Why Are Home Health Aides Working 24-Hour Shifts and Only Receiving Pay for 13 Hours?

Home health aides in New York are currently allowed, by law, to get paid for only half of a daylong shift.
  • Rohit Chandan | 
  • February 20, 2019
Credit: Ain't I a Woman campaign

Home health aides in New York are currently allowed, by law, to get paid for only half of a daylong shift. However, as a result of several years of struggle, two cases in the New York Court of Appeals, Andryeyeva and Moreno, could put an end to this gross exploitative practice.

Currently, home health aides work 24 hour shifts but only get paid for 13 of those hours. Home healthcare agencies are able to pay below minimum wage largely due to the New York Department of Labor (NYSDOL). Initially, NYSDOL created an opinion letter (which is an official letter written by an agency that explains how they interpret certain rules and regulations), in which they interpreted New York’s Wage Order (23 NYCRR 142-2.1) as saying that home health aides can work 24 hour shifts and be paid for 13 hours if they are afforded 8 hours of sleep, 5 of which are uninterrupted, and 3 hours for meals.

However, home health aides, along with various organizations that are a part of the Ain’t I A Woman campaign!?, opposed this interpretation by arguing that under New York minimum wage laws, they are legally entitled to minimum wage “for the time an employee is permitted to work, or is required to be available for work at a place prescribed by the employer, and shall include time spent in traveling to the extent that such traveling is part of the duties of the employee” (12 CRR-NY 142-2.1).

In the case Andryeyeva v New York Health Care, Inc. (and Moreno v Future Care Health Servs., Inc., the ruling of which was similar to Andryeyeva) the courts agreed with this argument and ruled that NYSDOL’s opinion letter is “neither rational nor reasonable” because it goes against the minimum wage laws, i.e., the Wage Order.

NYSDOL was rattled by this decision and enacted an “emergency amendment” stating that when home health aides work 24 hour shifts, they do not need to be paid for meal breaks and sleep periods, known as the “13 hour rule”. An emergency amendment is different than an opinion letter, because while an opinion letter interprets a regulation, an emergency amendment actually creates a new regulation. However, because NYSDOL’s emergency amendment wasn’t actually a response to an emergency, the court (in Chinese Staff and Workers Assn. v. Reardon) ruled that under the NYS Administrative Procedure Act (SAPA), the rule is invalid.

It’s troubling that the NYSDOL is eager to fight against workers on this matter. The agency has had multiple opportunities to either drop their rule or revise it to support workers. Instead, NYSDOL took the route of making it as difficult as possible for home health aides to receive their wages. The agency’s decision is especially egregious because home care workers tend to come from some of the most marginalized populations. According to The Nation, “New York’s more than 300,000-strong home-care and personal-care workforces are set to balloon about 45 and 30 percent, respectively, between 2014 and 2024. About half of these workers, mostly women of color and immigrants, live at or near the poverty level, earning only around $11 per hour, and many depend on public benefits for health care and food assistance.”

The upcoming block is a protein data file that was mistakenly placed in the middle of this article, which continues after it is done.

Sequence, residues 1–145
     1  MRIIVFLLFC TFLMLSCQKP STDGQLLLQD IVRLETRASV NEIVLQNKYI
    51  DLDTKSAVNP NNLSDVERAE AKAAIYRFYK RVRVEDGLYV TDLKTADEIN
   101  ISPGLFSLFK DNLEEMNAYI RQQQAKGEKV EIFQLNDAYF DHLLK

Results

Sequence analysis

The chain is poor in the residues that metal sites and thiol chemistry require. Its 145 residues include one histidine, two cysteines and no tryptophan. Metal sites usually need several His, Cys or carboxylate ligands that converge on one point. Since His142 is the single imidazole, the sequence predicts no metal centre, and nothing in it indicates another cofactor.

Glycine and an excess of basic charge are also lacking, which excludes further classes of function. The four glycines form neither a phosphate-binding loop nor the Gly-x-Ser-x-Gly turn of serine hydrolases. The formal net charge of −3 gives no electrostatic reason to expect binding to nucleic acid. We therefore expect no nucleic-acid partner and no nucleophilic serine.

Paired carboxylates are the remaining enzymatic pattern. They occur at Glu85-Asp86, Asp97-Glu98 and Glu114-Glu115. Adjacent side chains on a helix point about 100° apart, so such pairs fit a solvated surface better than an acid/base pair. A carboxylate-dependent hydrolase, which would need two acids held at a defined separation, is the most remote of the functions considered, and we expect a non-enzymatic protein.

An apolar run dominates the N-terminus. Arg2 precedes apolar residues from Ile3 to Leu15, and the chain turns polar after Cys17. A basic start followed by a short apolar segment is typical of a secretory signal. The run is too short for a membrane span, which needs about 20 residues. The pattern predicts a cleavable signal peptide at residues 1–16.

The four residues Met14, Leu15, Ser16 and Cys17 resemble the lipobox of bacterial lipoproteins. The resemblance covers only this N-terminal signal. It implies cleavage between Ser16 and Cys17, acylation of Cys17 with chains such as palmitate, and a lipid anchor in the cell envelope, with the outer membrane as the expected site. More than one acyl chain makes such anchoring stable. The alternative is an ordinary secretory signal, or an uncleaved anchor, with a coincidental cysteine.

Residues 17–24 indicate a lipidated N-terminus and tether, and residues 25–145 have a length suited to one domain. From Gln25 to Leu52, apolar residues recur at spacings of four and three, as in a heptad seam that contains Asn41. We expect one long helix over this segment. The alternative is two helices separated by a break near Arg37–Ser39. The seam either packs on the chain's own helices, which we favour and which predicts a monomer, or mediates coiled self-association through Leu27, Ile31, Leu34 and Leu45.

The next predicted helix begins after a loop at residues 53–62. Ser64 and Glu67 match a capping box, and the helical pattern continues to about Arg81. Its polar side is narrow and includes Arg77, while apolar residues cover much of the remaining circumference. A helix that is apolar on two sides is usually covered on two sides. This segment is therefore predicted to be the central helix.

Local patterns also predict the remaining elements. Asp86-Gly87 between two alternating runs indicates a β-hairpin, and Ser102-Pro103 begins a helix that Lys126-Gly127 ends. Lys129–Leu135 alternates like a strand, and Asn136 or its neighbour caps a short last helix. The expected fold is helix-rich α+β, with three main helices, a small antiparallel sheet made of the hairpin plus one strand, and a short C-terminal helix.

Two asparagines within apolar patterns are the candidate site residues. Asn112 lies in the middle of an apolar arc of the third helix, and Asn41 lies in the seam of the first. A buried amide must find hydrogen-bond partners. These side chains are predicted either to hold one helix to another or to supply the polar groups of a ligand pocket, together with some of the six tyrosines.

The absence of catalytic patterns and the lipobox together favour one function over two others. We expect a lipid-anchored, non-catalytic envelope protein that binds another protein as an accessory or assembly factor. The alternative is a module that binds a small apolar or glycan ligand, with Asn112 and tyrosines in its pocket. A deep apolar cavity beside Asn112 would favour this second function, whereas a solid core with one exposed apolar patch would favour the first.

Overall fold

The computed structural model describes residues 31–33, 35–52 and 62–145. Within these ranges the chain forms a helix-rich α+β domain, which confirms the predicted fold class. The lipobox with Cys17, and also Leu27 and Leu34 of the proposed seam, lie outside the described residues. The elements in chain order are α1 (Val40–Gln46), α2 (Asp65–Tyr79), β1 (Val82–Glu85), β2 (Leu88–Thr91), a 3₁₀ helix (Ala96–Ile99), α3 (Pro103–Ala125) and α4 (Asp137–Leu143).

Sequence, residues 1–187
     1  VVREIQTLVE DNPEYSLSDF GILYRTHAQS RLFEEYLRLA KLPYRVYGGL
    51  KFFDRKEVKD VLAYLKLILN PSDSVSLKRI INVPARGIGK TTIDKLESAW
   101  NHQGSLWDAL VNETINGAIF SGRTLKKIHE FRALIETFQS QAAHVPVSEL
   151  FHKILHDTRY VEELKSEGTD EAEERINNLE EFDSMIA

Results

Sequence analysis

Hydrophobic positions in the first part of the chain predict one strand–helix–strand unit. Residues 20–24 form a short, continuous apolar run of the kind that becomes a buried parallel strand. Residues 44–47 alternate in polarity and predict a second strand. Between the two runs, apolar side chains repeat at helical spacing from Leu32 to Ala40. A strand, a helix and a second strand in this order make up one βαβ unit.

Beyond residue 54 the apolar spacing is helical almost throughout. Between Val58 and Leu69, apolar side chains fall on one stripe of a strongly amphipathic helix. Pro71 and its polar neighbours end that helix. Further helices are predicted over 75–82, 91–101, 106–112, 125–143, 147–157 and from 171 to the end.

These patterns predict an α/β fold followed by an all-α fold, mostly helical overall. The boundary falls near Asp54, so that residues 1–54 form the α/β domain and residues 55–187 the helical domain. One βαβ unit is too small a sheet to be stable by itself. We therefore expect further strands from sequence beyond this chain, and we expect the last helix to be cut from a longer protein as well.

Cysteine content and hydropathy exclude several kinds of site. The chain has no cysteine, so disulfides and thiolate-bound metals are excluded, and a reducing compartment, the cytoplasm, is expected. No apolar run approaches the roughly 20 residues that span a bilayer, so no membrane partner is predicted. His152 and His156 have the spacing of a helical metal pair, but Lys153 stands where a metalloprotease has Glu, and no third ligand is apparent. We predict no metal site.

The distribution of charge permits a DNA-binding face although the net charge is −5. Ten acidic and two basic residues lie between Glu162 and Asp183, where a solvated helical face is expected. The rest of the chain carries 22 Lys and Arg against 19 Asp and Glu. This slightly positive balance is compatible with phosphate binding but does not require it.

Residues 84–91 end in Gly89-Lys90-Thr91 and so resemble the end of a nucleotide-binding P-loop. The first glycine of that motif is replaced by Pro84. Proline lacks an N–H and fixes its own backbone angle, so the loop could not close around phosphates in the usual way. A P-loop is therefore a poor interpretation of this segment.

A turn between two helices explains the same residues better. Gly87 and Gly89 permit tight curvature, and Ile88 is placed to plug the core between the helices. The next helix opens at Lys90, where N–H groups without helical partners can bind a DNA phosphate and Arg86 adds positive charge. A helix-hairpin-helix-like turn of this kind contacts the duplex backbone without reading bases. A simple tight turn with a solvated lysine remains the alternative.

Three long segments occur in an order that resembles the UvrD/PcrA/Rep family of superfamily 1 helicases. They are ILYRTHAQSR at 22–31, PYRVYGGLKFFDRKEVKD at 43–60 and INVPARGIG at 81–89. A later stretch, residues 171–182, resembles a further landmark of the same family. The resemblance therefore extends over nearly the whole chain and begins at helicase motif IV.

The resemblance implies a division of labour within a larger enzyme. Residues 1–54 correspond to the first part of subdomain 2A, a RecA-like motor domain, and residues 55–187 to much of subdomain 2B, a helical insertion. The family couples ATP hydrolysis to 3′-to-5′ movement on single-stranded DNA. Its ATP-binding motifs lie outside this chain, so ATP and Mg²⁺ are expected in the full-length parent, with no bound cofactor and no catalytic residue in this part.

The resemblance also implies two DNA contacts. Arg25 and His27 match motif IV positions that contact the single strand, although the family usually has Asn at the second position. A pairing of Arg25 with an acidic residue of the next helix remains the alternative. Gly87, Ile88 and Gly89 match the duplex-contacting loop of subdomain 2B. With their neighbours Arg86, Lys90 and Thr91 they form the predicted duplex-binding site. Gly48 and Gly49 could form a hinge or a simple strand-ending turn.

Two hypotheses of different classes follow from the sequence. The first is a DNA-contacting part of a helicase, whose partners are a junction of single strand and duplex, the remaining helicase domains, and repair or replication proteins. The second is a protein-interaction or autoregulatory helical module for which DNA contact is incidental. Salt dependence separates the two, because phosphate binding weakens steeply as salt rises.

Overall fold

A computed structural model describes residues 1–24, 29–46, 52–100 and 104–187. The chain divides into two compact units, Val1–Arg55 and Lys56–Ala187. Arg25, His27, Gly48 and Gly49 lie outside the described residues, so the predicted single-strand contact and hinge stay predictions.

NYSDOL is aware that women of color and immigrants are often bullied by employers through sexual harassment, lower pay, and threats of deportation; yet the agency, largely controlled by Governor Cuomo, has chosen not to help protect these workers against the grinding gears of capitalist hyper-exploitation.

These very same women workers have come forward after years of exploitation in the home care industry and are striking fear in agency bosses and state officials by leading the charge to fight for their rights and shake up the industry. Many have called on other workers to unite with them to force the status quo to change.

“I absolutely want the 24 hour work day system to be eliminated, and demand to get compensation for all the 24 hour work that I did with blood and sweat,” says home care worker Zhu Qin Chen.

Many of these challenges could begin to be resolved if the state and federal government simply increased the reimbursement rate to home health agencies, which would amount to wage increases for the workers to mitigate years of state-sponsored wage theft.

Thus far, past rulings and testimony by workers have made it unequivocally clear that home health aides who work 24 hour shifts typically do not receive 8 hours of rest and a meal break because they are responsible for their patients at all times and must be alert to provide assistance.

“We are taking care of patients all day, all night. I’ve never slept all night. You’re checking the patient every 2 hours. You’re vigilant, ready to help them. I treat the patient like I would like to be cared for and how I would like my mother to be cared for,” home care worker Daisy Castillo said during a press conference before a recent court hearing.

If the Court of Appeals rules in favor of the workers, they will be one step closer to receiving the wages they have earned. However, many of the workers and the members of the Ain’t I A Woman!? campaign say that pay for 24 hours is not enough, and that the 24 hour workday itself is inhumane and should be eliminated.

“24 hour shifts take time away that workers could be spending with their families and on their wellbeing. The Ain’t I A Woman campaign is focused on fighting for workers’ control over their time. What these home care workers are experiencing is only one example of a greater trend all workers are facing: less time for ourselves and more time for our bosses,” said Leona Rajaee of NYC DSA, an endorser and organizer of the Ain’t I A Woman campaign.

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